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Nursing Workload as a Risk Factor for Healthcare Associated Infections in ICU: A Prospective Study

Abstract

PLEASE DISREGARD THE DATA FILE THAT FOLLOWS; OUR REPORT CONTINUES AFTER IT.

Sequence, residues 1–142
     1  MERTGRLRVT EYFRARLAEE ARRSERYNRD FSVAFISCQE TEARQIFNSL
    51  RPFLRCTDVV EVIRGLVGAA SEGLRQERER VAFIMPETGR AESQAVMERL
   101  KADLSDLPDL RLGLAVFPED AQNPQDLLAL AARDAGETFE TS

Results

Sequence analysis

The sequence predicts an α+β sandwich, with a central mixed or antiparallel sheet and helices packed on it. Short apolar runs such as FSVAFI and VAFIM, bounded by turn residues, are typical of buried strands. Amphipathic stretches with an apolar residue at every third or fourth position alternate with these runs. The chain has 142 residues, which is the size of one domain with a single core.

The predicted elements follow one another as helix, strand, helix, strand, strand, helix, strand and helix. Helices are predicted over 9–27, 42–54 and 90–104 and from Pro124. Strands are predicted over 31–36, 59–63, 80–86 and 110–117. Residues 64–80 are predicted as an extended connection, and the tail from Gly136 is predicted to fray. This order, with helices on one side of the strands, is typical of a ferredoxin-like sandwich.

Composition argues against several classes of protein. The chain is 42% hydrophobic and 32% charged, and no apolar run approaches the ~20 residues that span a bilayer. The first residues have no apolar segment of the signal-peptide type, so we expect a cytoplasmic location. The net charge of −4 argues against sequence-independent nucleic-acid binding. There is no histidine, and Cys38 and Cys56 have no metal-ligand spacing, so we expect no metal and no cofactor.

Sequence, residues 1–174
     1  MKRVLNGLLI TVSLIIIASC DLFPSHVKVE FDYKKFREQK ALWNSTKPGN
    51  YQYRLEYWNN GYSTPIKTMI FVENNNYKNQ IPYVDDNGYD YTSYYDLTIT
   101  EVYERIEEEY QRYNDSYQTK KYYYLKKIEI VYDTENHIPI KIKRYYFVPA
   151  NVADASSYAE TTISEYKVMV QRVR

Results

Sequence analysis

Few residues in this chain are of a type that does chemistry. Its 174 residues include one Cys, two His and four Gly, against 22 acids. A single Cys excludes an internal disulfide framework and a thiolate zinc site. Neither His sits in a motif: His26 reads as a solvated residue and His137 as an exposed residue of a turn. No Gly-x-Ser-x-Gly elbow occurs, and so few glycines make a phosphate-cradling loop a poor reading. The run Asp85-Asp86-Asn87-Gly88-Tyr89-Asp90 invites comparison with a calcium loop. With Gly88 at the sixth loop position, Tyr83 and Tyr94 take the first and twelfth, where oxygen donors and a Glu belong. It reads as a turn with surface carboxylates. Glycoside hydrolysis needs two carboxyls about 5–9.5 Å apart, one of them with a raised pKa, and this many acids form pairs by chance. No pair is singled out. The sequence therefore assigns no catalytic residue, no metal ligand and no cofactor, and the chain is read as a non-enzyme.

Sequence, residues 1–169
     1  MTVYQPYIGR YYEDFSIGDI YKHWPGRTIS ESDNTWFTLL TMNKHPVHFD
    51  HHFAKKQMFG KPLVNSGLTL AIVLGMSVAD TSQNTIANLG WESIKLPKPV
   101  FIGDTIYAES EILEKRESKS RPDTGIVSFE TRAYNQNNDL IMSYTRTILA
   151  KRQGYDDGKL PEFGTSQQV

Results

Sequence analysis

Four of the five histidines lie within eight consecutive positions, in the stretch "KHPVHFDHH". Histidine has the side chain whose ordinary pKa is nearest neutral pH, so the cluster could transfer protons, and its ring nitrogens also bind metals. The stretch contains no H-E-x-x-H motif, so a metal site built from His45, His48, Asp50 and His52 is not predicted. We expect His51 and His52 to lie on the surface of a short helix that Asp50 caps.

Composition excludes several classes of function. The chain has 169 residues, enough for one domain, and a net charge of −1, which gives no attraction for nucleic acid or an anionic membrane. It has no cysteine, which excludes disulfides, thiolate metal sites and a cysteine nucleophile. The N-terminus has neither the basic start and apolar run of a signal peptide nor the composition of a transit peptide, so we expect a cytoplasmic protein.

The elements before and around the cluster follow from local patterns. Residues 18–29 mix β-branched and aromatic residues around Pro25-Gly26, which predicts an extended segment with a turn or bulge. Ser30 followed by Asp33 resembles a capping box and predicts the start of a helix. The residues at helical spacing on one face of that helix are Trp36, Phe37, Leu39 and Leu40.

Introduction: Nurse understaffing is frequently hypothesized as a potential risk factor for healthcare-associated infections (HAI). This study aimed to evaluate the role of nursing workload in the occurrence of HAI, using Nursing Activities Score (NAS).Methods: This prospective cohort study enrolled all patients admitted to 3 Medical ICUs and one step-down unit during 3 months (2009). Patients were followed-up until HAI, discharge or death. Information was obtained from direct daily observation of medical and nursing rounds, chart review and monitoring of laboratory system. Nursing workload was determined using NAS. Non-compliance to the nurses' patient care plans (NPC) was identified. Demographic data, clinical severity, invasive procedures, hospital interventions, and the occurrence of other adverse events were also recorded. Patients who developed HAI were compared with those who did not.Results: 195 patients were included and 43 (22%) developed HAI: 16 pneumonia, 12 urinary-tract, 8 bloodstream, 2 surgical site, 2 other respiratory infections and 3 other. Average NAS and average proportion of non compliance with NPC were significantly higher in HAI patients. They were also more likely to suffer other adverse events. Only excessive nursing workload (OR: 11.41; p: 0.019) and severity of patient's clinical condition (OR: 1.13; p: 0.015) remained as risk factors to HAI.Conclusions: Excessive nursing workload was the main risk factor for HAI, when evaluated together with other invasive devices except mechanical ventilation. To our knowledge, this study is the first to evaluate prospectively the nursing workload as a potential risk factor for HAI, using NAS. (AU)

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